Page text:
Impeach or not? That IS the question

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Brooding Hamlet’s “To be or not to be” has become, for U.S. House Speaker Nancy Pelosi “To impeach or not to impeach.” That is the question, the big question.

Pelosi is taking her time, but the pressure is on, especially after Robert Mueller’s televised speech May 29. Tip-toeing through his guarded words, Mueller reiterated his report does not exonerate President Trump, despite Attorney General William Barr’s pro-Trump spin of the investigation’s findings.

Mueller said the Department of Justice cannot legally indict a sitting President, thus he presented in his report only findings of fact, not judgments. Then Mueller strongly suggested the U.S. Congress can, if it so chooses, deal with the question of presidential wrong-doing. That was regarded by many as a nudge-nudge from Mueller to begin an impeachment process.

Pelosi’s strategy is to investigate via Congressional oversight committees and that impeachment should not even be mentioned unless solid evidence is gathered and only when the majority of Americans come to understand the import of that evidence. She is right.

It’s ironic the most persuasive advocate for impeaching Trump is a Republican, Michigan Rep. Justin Amash. As so many people haven’t, he has read and pondered the 448-page Mueller Report. His case for impeachment has placed an urgency and even embarrassment on House Democrats, including the hesitant Pelosi.

It’s a shame more Americans do not read that report because just about anybody who does would almost certainly be convinced crimes were committed, that the President did indeed try in at least 10 ways to obstruct justice, to impede or terminate Mueller’s work.

But it’s understandable why so few are reading it. Most Americans are mentally exhausted from trying to keep up with the byzantine twists and turns of that long investigation. Their reaction is to shrug it all off, just not to care, crime or no crime. And, too, the report is a bit daunting. Comprised of tiny print, it’s as long and complex as a gloomy Russian novel by Dostoevsky. Still, it’s quite the page-turner, a real stunner.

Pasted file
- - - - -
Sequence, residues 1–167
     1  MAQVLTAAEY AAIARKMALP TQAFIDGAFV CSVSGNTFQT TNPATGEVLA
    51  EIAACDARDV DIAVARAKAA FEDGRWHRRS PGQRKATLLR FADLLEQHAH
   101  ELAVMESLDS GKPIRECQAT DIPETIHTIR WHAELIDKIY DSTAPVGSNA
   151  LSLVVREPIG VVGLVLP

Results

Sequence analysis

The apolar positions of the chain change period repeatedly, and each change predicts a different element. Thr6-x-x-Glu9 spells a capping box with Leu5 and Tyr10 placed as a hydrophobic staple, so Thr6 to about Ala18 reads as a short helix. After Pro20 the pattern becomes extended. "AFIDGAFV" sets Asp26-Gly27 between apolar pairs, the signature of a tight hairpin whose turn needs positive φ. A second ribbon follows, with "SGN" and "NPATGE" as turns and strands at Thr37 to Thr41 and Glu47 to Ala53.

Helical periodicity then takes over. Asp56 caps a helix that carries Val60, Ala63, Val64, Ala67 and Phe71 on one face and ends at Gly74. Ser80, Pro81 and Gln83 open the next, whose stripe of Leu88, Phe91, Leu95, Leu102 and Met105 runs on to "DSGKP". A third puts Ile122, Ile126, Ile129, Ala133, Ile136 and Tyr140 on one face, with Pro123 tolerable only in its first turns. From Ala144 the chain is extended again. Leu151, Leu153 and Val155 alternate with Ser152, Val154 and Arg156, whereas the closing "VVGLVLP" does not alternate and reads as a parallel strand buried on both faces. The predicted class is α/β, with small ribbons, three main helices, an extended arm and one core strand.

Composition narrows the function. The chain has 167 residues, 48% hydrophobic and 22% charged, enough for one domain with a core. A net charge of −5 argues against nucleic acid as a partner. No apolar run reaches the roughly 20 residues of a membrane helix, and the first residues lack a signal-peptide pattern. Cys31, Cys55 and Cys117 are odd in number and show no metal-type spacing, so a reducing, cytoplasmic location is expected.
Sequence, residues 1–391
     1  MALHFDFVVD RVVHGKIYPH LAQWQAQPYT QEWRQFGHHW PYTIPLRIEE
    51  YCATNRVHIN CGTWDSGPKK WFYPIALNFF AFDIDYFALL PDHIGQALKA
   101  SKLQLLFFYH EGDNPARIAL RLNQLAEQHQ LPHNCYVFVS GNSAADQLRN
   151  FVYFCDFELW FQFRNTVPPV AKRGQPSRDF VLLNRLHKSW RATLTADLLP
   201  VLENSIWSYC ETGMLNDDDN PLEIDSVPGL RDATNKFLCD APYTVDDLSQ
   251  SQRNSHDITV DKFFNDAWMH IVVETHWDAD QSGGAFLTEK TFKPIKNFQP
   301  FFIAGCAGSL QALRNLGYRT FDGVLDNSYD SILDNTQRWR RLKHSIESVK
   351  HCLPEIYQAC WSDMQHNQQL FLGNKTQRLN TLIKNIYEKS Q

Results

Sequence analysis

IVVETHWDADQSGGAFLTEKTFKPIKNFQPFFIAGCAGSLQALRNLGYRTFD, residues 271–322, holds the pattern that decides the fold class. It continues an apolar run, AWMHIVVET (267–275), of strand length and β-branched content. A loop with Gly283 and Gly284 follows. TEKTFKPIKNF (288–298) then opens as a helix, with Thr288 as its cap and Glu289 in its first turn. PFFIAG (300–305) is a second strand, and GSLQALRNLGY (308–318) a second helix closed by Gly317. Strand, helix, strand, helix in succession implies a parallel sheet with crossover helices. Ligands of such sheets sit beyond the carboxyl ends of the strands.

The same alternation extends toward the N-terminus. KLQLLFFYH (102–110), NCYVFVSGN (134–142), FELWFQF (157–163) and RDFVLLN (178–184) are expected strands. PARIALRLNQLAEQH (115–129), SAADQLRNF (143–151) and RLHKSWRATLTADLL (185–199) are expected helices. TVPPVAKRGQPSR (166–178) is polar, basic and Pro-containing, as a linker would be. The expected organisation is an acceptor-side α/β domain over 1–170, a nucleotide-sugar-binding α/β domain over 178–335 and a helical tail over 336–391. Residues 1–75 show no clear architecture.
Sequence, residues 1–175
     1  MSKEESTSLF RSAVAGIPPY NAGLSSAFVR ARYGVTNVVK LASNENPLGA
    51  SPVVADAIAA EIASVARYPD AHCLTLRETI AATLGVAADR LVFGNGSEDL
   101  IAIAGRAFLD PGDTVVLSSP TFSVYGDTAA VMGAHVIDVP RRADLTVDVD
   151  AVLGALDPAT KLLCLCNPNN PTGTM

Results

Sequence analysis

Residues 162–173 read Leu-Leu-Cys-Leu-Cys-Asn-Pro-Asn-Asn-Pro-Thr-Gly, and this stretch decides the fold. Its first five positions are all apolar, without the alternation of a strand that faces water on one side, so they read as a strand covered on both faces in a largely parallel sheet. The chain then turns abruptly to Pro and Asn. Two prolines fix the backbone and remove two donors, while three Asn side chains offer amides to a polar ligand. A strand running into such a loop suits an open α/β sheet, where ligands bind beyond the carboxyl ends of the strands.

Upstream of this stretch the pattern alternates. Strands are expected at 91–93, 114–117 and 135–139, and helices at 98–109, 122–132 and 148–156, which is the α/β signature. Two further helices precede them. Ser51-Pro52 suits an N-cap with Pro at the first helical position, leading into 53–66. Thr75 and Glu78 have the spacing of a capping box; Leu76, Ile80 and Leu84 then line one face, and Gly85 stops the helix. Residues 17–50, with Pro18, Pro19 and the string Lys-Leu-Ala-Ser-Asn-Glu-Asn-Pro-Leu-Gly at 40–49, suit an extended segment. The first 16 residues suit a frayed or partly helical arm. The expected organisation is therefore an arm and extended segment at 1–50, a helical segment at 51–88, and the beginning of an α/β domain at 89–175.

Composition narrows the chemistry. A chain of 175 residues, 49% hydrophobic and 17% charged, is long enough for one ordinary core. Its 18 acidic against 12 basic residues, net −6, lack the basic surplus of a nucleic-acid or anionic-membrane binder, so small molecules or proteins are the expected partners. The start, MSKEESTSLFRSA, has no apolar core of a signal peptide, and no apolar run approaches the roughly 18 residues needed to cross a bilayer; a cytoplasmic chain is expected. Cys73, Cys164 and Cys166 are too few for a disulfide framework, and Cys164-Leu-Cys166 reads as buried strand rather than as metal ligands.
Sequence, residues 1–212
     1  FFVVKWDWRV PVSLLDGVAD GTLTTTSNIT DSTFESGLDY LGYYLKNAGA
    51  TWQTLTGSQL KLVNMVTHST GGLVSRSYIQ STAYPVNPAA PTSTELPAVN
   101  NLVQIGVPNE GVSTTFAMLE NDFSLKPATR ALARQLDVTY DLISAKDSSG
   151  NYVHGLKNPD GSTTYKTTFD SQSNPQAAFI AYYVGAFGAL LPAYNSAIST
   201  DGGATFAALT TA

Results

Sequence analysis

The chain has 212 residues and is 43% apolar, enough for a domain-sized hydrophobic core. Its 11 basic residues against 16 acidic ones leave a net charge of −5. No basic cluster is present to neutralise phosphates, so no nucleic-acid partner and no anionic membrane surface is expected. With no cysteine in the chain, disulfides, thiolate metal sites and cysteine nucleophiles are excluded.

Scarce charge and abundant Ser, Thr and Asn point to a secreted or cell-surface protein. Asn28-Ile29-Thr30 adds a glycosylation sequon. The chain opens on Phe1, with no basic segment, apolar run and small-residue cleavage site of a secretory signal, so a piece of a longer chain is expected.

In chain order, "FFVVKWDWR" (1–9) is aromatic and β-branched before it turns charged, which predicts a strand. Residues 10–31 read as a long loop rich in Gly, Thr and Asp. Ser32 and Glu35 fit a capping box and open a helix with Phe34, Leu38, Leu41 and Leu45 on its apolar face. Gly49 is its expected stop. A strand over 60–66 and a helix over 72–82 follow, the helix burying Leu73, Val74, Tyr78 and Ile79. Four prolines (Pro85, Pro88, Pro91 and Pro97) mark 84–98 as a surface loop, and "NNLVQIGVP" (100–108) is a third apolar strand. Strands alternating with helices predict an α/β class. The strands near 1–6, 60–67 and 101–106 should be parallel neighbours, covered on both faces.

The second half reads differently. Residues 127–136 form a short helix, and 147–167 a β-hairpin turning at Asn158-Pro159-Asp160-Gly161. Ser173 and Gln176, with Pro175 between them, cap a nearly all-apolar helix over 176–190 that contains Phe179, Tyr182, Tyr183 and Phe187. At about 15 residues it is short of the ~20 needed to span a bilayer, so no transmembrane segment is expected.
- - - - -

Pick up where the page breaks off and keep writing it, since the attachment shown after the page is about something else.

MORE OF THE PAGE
What’s flabbergasting about Volume I of the report is Trump and his campaign staff were cleared of “collusion” in Russian meddling. Collusion is apparently not a criminal act, but conspiracy is, and Mueller found they were not guilty of conspiring to subvert the presidential election. However, “collusion” versus “conspiracy” begs the question. What should we call it when so many associated with that campaign were meeting with Russians and then lying constantly about it, including campaign manager Paul Manafort and former Sen. Jeff Sessions, to name just two. Why did Trump and son Don Jr. concoct cover stories about the Trump Tower meeting with a Russian lawyer? And if all of them were so not guilty, why were they so fearful of Mueller’s investigation and why did Trump try to suppress it so often, as detailed in Part II of the report? And how can one explain the 34 indictments and many convictions that resulted from the “witch hunt” if not for rampant chicanery and corruption?

No, Trump did not sit down and sign an agreement with Russians to sabotage the election. However, Volume I details an appalling willingness by Trump and staff to just “go along” with Russian meddling and then later to deny repeatedly it ever happened. It’s the kind of wink-and-nod nonchalance perfected by Tweeter-in-Chief.

Trump’s crowing about total exoneration by Mueller is just one more of his lies yelled at full throttle. His twitchy bravado is like a kid whistling past a graveyard in the dead of night.

All Americans should, as a patriotic duty, take time to read the full report. Read it, discuss it and pay attention because our Democracy is under a growing threat from abroad and, yes, from right here at home – everything from social-media smears to gerrymandering, from big-bucks propaganda to multiple forms of voter suppression.

We keep hearing, “No one, not even the President, is above the law.” Or, as Bob Dylan sang in a 1964 song, “Even the President of the United States must sometimes have to stand naked.”

Author: Dennis Dalman

Dalman was born and raised in South St. Cloud, graduated from St. Cloud Tech High School, then graduated from St. Cloud State University with a degree in English (emphasis on American and British literature) and mass communications (emphasis on print journalism). He studied in London, England for a year (1980-81) where he concentrated on British literature, political science, the history of Great Britain and wrote a book-length study of the British writer V.S. Naipaul. Dalman has been a reporter and weekly columnist for more than 30 years and worked for 16 of those years for the Alexandria Echo Press.

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